Durant 1926: Education (John Dewey)

Reference: The Story of Philosophy

This paper presents Chapter XI Section 3.1 from the book THE STORY OF PHILOSOPHY by WILL DURANT. The  contents are from the 1933 reprint of this book by TIME INCORPORATED by arrangement with Simon and Schuster, Inc.

The paragraphs of the original material (in black) are accompanied by brief comments (in color) based on the present understanding.

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III. JOHN DEWEY

1. Education

After all, pragmatism was “not quite” an American philosophy; it did not catch the spirit of the greater America that lay south and west of the New England states. It was a highly moralistic philosophy, and betrayed the Puritanic origins of its author. It talked in one breath of practical results and matters of fact, and in the next it leaped, with the speed of hope, from earth to heaven. It began with a healthy reaction against metaphysics and epistemology, and one expected from it a philosophy of nature and of society; but it ended as an almost apologetic plea for the intellectual respectability of every dear belief. When would philosophy learn to leave to religion these perplexing problems of another life, and to psychology these subtle difficulties of the knowledge-process, and give itself with all its strength to the illumination of human purposes and the coordination and elevation of human life?

Pragmatism was “not quite” an American philosophy. It betrayed the Puritanic origins of its author. It did not give itself with all its strength to the illumination of human purposes and the coordination and elevation of human life.

Circumstances left nothing undone to prepare John Dewey to satisfy, this need, and to outline a philosophy that should express the spirit of an informed and conscious America. He was born in the “effete East” (in Burlington, Vermont, 1859), and had his schooling there, as if to absorb the old culture before adventuring into the new. But soon he took Greeley’s counsel and went west, teaching philosophy at the universities of Minnesota (1888-9), Michigan (1889-94), and Chicago (1894-1904). Only then did he return east, to join-and later to head-the department of philosophy at Columbia University. In his first twenty years the Vermont environment gave him that almost rustic simplicity which characterizes him even now that all the world acclaims him. And then, in his twenty years in the Middle West, he saw that vast America of which the Eastern mind is so proudly ignorant; he learned its limitations and its powers; and when he came to write his own philosophy he gave to his students and his readers an interpretation of the sound and simple naturalism which underlies the superficial superstitions of the “provinces” of America. He wrote the philosophy, as Whitman wrote the poetry, not of one New-English state, but of the continent. *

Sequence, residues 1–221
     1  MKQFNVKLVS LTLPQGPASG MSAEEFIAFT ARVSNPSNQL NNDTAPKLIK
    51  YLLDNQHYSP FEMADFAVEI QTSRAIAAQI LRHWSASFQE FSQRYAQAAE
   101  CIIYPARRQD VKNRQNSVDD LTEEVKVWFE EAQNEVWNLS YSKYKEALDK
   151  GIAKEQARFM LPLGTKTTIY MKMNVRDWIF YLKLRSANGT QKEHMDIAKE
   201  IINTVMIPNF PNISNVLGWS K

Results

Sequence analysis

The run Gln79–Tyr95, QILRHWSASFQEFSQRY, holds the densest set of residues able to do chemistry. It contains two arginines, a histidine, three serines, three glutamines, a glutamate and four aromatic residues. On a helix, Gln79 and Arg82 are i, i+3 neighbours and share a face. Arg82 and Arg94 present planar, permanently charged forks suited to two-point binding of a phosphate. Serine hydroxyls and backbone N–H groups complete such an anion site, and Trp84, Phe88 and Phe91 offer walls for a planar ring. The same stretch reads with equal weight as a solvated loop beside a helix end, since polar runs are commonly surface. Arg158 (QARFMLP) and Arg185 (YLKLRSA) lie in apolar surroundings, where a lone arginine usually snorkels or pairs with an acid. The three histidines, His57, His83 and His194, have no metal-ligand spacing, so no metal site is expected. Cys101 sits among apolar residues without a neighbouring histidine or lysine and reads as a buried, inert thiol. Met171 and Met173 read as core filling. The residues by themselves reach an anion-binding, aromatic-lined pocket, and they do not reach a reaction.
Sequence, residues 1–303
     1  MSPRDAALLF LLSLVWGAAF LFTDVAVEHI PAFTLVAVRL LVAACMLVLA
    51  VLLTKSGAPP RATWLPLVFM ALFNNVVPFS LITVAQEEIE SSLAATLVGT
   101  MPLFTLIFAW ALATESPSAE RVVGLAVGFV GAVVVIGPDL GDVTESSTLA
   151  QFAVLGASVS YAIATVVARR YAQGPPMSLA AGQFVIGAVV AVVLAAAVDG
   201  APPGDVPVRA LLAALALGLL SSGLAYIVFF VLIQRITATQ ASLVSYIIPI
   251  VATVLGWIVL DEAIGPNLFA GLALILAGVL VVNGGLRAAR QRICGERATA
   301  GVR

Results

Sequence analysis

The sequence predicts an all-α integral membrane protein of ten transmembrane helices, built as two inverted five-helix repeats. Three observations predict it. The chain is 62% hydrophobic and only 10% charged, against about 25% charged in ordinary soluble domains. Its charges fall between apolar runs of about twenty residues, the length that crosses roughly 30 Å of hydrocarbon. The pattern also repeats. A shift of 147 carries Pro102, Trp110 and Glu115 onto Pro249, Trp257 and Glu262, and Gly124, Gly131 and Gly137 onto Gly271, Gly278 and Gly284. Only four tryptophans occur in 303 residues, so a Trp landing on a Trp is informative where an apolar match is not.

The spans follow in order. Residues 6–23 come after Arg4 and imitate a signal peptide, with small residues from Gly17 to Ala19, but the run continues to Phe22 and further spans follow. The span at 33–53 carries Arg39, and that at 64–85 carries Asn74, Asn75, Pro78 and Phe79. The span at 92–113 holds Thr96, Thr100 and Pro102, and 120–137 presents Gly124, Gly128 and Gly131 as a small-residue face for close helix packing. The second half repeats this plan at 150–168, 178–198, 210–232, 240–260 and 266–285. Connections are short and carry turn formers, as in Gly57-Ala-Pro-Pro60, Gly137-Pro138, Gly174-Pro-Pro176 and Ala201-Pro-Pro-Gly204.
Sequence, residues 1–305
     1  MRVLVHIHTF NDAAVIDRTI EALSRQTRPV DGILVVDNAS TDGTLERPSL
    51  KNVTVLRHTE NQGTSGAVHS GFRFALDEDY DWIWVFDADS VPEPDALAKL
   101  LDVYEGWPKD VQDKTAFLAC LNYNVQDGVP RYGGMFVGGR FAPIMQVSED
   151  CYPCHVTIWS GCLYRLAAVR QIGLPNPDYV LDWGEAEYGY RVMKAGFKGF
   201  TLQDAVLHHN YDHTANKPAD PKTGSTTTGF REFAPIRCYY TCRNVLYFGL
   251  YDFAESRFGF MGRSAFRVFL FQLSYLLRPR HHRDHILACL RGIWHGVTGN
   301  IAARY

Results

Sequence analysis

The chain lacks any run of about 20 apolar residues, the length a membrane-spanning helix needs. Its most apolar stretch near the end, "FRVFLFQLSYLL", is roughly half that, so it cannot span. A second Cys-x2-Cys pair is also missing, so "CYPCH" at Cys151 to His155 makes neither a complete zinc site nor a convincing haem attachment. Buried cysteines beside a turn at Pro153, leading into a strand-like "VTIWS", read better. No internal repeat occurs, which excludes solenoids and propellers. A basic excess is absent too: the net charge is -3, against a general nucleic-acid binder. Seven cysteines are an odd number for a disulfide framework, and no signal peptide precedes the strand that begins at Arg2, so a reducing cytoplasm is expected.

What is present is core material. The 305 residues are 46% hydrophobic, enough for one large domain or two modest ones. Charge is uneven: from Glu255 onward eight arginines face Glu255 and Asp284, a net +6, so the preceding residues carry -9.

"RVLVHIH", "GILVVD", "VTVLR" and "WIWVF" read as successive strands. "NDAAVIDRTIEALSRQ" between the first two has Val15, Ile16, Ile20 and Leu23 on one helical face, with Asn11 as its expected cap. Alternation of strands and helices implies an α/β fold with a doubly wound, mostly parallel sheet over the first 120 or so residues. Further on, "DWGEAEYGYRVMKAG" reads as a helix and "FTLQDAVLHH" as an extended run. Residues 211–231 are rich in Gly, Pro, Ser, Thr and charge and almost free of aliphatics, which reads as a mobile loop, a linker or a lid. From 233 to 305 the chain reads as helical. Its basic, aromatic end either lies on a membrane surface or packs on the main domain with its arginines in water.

* The most important of Dewey’s books are: The School and Society (1900); Studies in Logical Theory (1903); Ethics (with Tufts, 1908); How We Think (1909); The influence of Darwin on Philosophy (1910); Democracy and Education (1913); Schools of Tomorrow (with his daughter Evelyn, 1915); Essays in Experimental Logic (1916); Creative Intelligence (1917); Reconstruction in Philosophy (1920); Human Nature and Conduct (1922). The last two are the easiest approaches to his thought.